Even in his epistles that don’t mention thankfulness specifically, we can see Paul’s underlying attitude of gratitude implicit in what he says, for example, regarding the hope of eternal life (Titus 1:2), God’s grace (Titus 2:11), and his goodness, kindness, and mercy (Titus 3:4-6).
But in the majority of Paul’s writings, the expression of gratitude is a primary part of his message. Typically, after greeting his readers, or very soon after, Paul gives thanks. This was frequently done in the world of his day, where individuals writing to others would often give thanks to their gods for benefits and blessings they had received. But in Paul’s writing the thanksgiving is different. Instead of thanking God for blessings he has received, Paul usually gives thanks for those to whom he is writing.
Paul tells the believers in Rome: “First, I thank my God through Jesus Christ for all of you, because your faith is proclaimed in all the world” (Romans 1:8). Similarly, he tells the Colossians: “We always thank God, the Father of our Lord Jesus Christ, when we pray for you, since we heard of your faith in Christ Jesus and of the love that you have for all the saints, because of the hope laid up for you in heaven” (Colossians 1:3-5). In his letter to the Ephesians Paul says: “ …because I have heard of your faith in the Lord Jesus and your love toward all the saints, I do not cease to give thanks for you, remembering you in my prayers” (Ephesians 1:15).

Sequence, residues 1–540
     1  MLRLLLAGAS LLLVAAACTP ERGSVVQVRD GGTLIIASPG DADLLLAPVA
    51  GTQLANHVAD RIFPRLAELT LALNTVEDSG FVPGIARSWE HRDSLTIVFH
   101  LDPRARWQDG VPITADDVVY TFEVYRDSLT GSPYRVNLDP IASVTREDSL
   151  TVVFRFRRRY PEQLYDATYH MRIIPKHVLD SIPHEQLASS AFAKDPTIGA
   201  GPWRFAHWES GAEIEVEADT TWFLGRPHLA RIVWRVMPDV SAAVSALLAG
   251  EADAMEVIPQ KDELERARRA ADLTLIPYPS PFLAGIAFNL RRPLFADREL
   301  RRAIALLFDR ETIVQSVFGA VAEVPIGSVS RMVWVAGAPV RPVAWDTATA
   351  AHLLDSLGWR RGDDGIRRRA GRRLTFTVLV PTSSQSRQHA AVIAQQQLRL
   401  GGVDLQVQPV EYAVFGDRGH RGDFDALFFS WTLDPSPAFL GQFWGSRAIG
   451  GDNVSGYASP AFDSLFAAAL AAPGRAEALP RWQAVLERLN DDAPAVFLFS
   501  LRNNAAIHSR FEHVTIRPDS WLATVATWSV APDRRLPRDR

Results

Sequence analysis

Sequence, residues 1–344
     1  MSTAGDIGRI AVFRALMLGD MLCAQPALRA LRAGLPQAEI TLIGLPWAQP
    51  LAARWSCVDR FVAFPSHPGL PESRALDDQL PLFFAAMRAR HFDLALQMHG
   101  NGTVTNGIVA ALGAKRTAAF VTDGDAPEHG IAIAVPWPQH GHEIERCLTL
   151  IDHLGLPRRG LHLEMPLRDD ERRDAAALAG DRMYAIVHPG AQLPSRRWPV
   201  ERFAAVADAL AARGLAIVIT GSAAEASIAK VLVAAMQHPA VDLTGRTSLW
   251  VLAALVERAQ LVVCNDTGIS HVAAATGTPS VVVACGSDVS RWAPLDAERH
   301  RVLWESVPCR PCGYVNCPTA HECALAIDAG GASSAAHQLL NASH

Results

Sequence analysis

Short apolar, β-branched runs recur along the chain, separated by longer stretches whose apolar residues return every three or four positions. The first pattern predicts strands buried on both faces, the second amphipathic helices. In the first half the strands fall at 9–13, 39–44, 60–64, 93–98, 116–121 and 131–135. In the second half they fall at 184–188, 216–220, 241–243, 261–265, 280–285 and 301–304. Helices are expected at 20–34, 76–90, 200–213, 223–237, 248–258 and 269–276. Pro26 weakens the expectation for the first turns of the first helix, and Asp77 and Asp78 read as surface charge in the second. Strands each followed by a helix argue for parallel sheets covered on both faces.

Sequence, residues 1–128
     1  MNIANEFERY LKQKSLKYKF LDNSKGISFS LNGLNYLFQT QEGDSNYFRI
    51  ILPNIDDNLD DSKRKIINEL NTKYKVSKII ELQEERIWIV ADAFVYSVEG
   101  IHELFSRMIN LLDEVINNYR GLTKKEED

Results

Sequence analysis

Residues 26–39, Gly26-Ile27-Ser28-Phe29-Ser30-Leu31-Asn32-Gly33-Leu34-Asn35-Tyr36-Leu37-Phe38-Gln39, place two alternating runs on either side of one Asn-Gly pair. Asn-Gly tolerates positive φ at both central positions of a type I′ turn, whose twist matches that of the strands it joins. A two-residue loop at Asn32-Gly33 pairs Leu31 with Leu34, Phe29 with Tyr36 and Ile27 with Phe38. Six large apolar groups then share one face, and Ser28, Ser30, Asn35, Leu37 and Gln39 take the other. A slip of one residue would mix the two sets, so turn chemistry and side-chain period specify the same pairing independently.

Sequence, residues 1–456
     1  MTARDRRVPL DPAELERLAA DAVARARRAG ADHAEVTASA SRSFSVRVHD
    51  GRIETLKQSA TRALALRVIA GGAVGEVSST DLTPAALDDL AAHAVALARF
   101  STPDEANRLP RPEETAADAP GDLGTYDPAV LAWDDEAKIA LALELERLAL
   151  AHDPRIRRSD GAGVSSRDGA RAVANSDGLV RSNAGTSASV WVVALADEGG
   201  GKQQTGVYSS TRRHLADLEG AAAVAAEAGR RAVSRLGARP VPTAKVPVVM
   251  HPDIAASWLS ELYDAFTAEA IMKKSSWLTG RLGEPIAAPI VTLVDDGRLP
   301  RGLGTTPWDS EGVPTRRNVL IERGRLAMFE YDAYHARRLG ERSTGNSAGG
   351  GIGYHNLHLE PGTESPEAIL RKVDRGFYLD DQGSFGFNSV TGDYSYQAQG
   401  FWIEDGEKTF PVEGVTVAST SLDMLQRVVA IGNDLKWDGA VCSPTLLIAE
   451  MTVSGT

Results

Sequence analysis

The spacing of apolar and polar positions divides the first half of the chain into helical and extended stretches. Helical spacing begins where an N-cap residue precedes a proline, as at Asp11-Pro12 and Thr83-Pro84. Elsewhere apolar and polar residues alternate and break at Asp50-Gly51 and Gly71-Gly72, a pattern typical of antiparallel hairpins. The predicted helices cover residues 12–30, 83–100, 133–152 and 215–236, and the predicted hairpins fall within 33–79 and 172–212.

Paul does give thanks for blessings he and others received (Galatians 1:5, 1 Corinthians 15:57), and he clearly taught that we should give thanks for all things (Ephesians 5:20, 1 Thessalonians 5:18). But if we read his epistles carefully, we see that Paul’s thankfulness is primarily expressed in his writings not for things he had received, but far more often for the spiritual gifts God had bestowed in the lives of others.
That’s an interesting thought to consider as those of us in the United States and Canada celebrate Thanksgiving Day or at any time of year. The apostle Paul was not just the “apostle of thanksgiving,” he was also the apostle who primarily gave thanks for others. In fact, when we understand that, we realize it is typical of Paul that he writes: “I urge, then, first of all, that petitions, prayers, intercession and thanksgiving be made for all people” (1 Timothy 2:1, emphasis added).
It’s a lesson we can all keep in mind. How much of our thanksgiving is focused on what we personally have to be thankful for, and how much is focused on thankfulness for God’s gifts to his people – and to all people – everywhere? Paul shows us that true and full thankfulness is gratitude for others and what they have received physically and spiritually, just as much as it is gratitude for what we ourselves have received.